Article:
Russian Civilisation?

If you were thinking that human rights are a reality in post-Communist Russia, you would be very mistaken. The former KGB officer serving president may claim to be a devout believer, but with another KGB agent leading the Holy Synod in which at least another two members were also KGB agents, perhaps its not surprising that things haven’t changed much in Holy Mother Russia.

When a Chechen meat wholesaler named Zaur Talkhigov helped the security services to negotiate the release of hostages in the Moscow theatre siege, he was arrested for terrorism and sent to Siberia. Investigating his case is one of the reasons investigative reporter Anna Politkovskaya was murdered. As reported in The Sunday Times:

Talkhigov is now in a cramped cell with 18 inmates sharing one lavatory in Komi, a remote and forbidding region that became infamous under Stalin for its many forced-labour camps. In winter, temperatures drop to -30C. In summer, the cell is a stifling 30C plus.

He is allowed out of his cell for just an hour a day and permitted to wash once a month. The food consists of buckwheat porridge, rancid fishbone soup and the occasional plate of boiled meat.

His mother Tamara can visit him only once a year, for three days. The return train journey to the prison from her home in Chechnya takes 84 hours.

“Conditions in the prison where I am now are relatively good,” said Talkhigov. “In Moscow I was held in a cell so cramped that we took it in turns to sleep. Tuberculosis was rampant. In another prison, where I was held in solitary confinement, two guards came into my cell shortly after I arrived and beat me all over my body with their truncheons as their way of welcoming me. I’ve been under constant psychological pressure.”

Yet this is a country that wants to be treated as an equal with the G7 nations. Putin has cooled relations with the US over NATO missile defence systems in free nations that have aligned themselves with the West, rather than their previous compulsory alliance with Russian under the Warsaw Pact.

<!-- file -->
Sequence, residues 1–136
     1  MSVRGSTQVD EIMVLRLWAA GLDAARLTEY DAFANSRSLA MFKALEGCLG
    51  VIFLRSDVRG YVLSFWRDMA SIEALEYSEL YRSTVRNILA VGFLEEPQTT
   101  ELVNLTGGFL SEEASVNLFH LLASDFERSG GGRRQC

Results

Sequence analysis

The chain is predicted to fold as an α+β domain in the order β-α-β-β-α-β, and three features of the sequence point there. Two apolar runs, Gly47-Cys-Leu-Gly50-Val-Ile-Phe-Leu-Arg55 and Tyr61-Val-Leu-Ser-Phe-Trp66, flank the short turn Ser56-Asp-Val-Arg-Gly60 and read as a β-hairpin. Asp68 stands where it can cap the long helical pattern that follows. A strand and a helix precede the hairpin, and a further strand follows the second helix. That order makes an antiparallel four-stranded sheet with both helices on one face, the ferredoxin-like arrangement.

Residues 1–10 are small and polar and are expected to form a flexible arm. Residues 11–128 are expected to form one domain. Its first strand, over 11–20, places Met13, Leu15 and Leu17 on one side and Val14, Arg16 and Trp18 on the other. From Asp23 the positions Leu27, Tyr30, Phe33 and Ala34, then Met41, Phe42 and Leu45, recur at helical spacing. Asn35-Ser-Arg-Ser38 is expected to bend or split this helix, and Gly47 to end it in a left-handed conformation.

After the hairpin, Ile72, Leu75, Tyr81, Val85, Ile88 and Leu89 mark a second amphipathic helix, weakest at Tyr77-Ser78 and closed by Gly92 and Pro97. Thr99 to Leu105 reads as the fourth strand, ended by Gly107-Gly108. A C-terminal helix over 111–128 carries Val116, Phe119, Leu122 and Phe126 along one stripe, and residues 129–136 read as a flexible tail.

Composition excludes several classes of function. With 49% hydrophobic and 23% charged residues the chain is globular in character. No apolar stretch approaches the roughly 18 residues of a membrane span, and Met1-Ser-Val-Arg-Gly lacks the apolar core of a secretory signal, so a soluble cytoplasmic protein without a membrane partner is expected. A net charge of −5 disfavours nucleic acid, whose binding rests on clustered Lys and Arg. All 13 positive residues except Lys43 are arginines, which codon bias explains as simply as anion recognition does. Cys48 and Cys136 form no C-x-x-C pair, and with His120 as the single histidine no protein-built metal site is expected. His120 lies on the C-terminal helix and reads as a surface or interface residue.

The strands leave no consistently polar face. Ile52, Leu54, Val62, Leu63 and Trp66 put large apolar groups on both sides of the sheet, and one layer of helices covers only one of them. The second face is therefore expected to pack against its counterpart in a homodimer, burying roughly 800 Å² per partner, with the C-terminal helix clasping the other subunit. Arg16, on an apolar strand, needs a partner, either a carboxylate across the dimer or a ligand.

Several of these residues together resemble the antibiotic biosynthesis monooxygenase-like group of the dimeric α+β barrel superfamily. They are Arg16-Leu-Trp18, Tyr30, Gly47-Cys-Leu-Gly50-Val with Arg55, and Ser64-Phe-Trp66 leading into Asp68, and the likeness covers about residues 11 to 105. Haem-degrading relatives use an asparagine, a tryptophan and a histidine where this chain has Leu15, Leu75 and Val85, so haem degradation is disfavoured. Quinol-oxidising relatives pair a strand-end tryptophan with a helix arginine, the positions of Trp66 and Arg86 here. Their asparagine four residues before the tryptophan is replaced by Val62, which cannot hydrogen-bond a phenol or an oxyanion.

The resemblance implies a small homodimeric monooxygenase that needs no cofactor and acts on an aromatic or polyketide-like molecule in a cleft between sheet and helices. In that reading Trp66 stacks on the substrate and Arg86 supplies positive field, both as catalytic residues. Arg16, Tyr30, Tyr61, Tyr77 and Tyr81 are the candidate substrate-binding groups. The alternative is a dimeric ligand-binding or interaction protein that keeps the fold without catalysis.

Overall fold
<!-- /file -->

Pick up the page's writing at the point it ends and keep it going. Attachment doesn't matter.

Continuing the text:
In terms of law and justice, Russia still has a long way to go to be considered a civilised nation. The other question is whether the Church in Russia is going to be an agent of reform or of collusion.

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2 Responses to Russian Civilisation?

  1. handmaidmaryleah says:

    David, I don’t disagree that Russia is brutal on human rights, especially by western standards; but you seem to be intimating that the Church, our Orthodox Church has something to do with putting people in prison with this post. Is that what you mean to do here? I am surprised…

  2. Dave says:

    I am saying that the Holy Synod has hierarchs with same dodgy past as the Russian president and that they are supportive of his regime and its methodology, which is more and more reminiscent of the old Soviet ways.

    I feel no obligation to pull punches when I think there are serious issues and problems in the Orthodox Church, just like I am happy to point them out amongst those who are separated from her. I may be more critical of Moscow more than other Patriarchates having been on the receiving end of their methodology, but I have no problem taking to task the Ecumenical Patriarch for appointing a pro-abortion Senator as an archon of the Church or for his principle theological efforts being in the area of environmentalism.

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